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SS Cretic

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SS Cretic

Postcard of SS Cretic, 1905
Postcard of SS Cretic, 1905
Career (UK)
Name:
  • Hanoverian (1902-1903)
  • Mayflower (1903)
  • Cretic (1903-1923)
  • Devonian (1923-1929)
Owner: International Mercantile Marine Company
Operator:
Port of registry: Liverpool
Builder: R & W Hawthorn, Leslie & Co. Ltd., Hebburn[1]
Yard number: 381[1]
Launched: 25 February 1902[1]
Completed: June 1902[1]
In service: 19 July 1902[2]
Out of service: September 1928[2]
Identification:
Fate: Broken up, 1929[1]
General characteristics [1]
Type: Ocean liner
Tonnage: 13,507 GRT
8,663 NRT
Length: 582 ft (177 m)
Beam: 60 ft 4 in (18.39 m)
Depth: 38 ft 4 in (11.68 m)
Propulsion: 2 × 3-cylinder triple expansion steam engines, 1,269 nhp, 2 screws
Speed: 15 knots (28 km/h; 17 mph)[2]
Capacity:
  • 1,550 passengers:[2]
  • 260 × 1st class
  • 250 × 2nd class
  • 1,000 × 3rd class

SS Cretic was an ocean liner built in 1902. She was operated by several shipping lines, all of which were part of the International Mercantile Marine Company, under several names during her career, which came to an end when she was scrapped in 1929.

Ship history

The steel-hulled ship was built by R & W Hawthorn, Leslie & Co. Ltd. of Hebburn for Frederick Leyland & Co. and launched on 25 February 1902 as SS Hanoverian. The 13,507-ton ship was 582 feet long, and 60 feet in the beam. She was powered by two 3-cylinder triple expansion steam engines, delivering 1,269 nhp to two screws.[1]

In July 1902 she entered service in the Leyland Line,[1] but made only three voyages between Liverpool and Boston before the company became part of the International Mercantile Marine Company in October 1902.[4]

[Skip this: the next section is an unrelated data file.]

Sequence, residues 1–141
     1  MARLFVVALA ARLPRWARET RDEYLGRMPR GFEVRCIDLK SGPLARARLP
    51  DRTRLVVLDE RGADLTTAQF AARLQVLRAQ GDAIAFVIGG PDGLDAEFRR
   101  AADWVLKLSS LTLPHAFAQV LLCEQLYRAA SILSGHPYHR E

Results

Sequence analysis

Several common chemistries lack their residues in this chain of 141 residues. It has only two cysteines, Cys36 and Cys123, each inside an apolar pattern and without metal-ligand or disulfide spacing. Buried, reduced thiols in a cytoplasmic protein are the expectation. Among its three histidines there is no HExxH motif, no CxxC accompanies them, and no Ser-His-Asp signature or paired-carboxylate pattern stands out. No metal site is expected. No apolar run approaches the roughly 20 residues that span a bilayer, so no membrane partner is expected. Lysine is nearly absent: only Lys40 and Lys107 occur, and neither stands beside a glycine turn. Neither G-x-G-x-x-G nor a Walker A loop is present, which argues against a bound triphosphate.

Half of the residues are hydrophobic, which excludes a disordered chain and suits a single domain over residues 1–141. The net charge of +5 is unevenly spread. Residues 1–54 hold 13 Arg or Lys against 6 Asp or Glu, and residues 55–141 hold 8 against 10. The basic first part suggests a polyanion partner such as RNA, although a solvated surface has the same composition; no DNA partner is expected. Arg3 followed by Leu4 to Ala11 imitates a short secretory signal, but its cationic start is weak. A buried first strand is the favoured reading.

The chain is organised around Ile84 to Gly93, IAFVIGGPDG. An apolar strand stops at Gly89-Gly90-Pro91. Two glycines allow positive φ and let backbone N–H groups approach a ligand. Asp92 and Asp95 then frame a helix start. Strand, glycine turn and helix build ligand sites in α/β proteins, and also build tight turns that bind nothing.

Hanoverian was transferred to the Dominion Line and renamed SS Mayflower, entering service between Liverpool and Boston in April 1903.[2] In November 1903 she was transferred again, this time to the Oceanic Steam Navigation Company's White Star Line, and was renamed SS Cretic.[2] Initially remaining on the Liverpool-Boston route, in November 1904 she was transferred to routes between the Mediterranean and New York City, finally returning to the Liverpool-Boston route in 1910.[2]

In 1917 she was taken over by the British government under their Liner Requisition Scheme to serve as a troopship during World War I.[2] On 5 April 1918 Cretic, Lapland, and Justicia sailed from Long Island City, New York, with the three battalions of the U.S. 308th Infantry Regiment aboard. On Cretic, the 2,032 men of the 2nd Battalion found that there was only accommodation for 1,500, so the troops were forced to eat and sleep in shifts until arriving at Liverpool on 19 April.[5]

Cretic returned to commercial service in September 1919 on the White Star Line's Mediterranean service.[2] In 1923 Cretic was transferred back to the Leyland Line, and renamed SS Devonian[1] served on the Liverpool-Boston route until the end of her career in September 1928, apart from making three voyages under charter to the Red Star Line from Antwerp to New York in 1927-28.[2] In 1929 she was broken up by P & W McLellan of Bo’ness, Scotland.[1]

References

  1. ^ a b c d e f g h i j k "Hanoverian (1902)". tynebuiltships.co.uk. 2012. Retrieved 19 November 2012. 
  2. ^ a b c d e f g h i j Clarkson, Andrew (2012). "Cretic". titanic-titanic.com. Retrieved 19 November 2012. 
  3. ^ Solem, Borge (2012). "Cretic, White Star Line". norwayheritage.com. Retrieved 19 November 2012. 
  4. ^ "The White Star Line: Cretic". The Merchant Navy Association. 2010. Retrieved 19 November 2012. 
  5. ^ Miles, L. Wardlaw (2005). "History of the 308th Infantry". longwood.k12.ny.us. Retrieved 19 November 2012. 

External links

  • "S.S. Cretic / S.S. Devonian". greatships.net. 2011. Retrieved 19 November 2012. 
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